through Oct. 16, Connecticut Repertory Theater, UConn, Nafe Katter Theater, (860) 486-4226, crt.uconn.edu
Too many productions of Thornton Wilder's Our Town languish in a hokey, lugubrious, "aw schucks" New Hampshah dialect, in a misplaced effort to bring some vocal realism to the anti-realist aesthetic of this great play, which is ostensibly set in Grover's Corners, N.H. This can become deadly, particularly since so much of act one is spoken directly to the audience by the famous Stage Manager.
The current production at CT Repertory Theater avoids this pitfall, but goes way too far in another direction. The quirky, intriguing David Patrick Kelly (familiar to many from his role as Jerry Horne in "Twin Peaks") carries the crucial role of Stage Manager. He rushes through lengthy passages of exposition about the town and philosophical musings about life, love and death at such a rapid clip that the ideas don't really have a chance to land and soak in.
This fast-talking approach is so pervasive in this production that it must be deliberately directed by Robert Ross Parker, a visiting newcomer from Brooklyn. There, he's co-artistic director of the Obie award-winning theater company Vampire Cowboys, which specializes in a "cartoon aesthetic" and does cutting-edge new work. It's hard to imagine a starker stylistic contrast to the stripped-down rigor of Wilder's intentions in Our Town. All that makes me guess that at CT Repertory this time we have a fine director who is simply mismatched with a great text. Such jarring aesthetic differences can make for exciting discoveries but here it's just a misfire.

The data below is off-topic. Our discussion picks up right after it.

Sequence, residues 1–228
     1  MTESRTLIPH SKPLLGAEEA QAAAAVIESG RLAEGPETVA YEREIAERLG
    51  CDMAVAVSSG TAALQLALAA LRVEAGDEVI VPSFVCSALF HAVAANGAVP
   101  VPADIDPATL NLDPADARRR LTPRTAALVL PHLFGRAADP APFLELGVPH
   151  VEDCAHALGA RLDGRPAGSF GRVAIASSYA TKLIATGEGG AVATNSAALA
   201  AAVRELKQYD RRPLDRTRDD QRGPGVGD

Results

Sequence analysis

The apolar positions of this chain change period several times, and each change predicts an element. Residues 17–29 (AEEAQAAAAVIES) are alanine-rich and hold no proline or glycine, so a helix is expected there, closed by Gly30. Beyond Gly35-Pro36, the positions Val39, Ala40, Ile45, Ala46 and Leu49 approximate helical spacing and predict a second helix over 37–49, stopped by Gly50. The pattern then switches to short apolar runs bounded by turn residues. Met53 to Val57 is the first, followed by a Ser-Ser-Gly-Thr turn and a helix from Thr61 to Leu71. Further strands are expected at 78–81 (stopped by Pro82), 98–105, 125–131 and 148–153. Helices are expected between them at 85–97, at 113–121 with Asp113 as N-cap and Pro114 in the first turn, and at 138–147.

CT Repertory Theater brings in Equity actors for several roles per show, generally playing the middle-aged and older characters, and otherwise fills the cast (including leads) with students from both the undergraduate and graduate programs. Here, it works well to have Equity players in the roles of Stage Manager and the parents. Brad Bellamy as Editor Webb is particularly effective, supplying a quivering hand and a deadpan delivery that supplies plenty of irony with being arch.
The student actors in the central roles of Emily and George, the neighbor teens who provide the central love story of the show, are almost too old for the parts. This is particularly so for Michael John Improta, a junior at UConn, who has a lovely deep voice and more assurance on stage than the boy he portrays in acts one and two. Kelsea Baker fares better as Emily, and is more able to access her girlishness; but act three depends heavily on her ability to connect the audience to her own anguish, and here the channel seems too shallow. Again, pace is in her way.
The production is beautifully designed, costumed and lit, and the whole experience is a worthy way to introduce this wonderful, important work to people who have never seen it. I just wish the artists had trusted the audience a little more to stay with them and resonate to moments offered in a more deliberate tempo. True, we've left behind the aesthetic of a three-act, two-intermission show — but we can still be induced to drop into a more contemplative place by great art. That is, I'd say, one of the reasons we continue to crave it.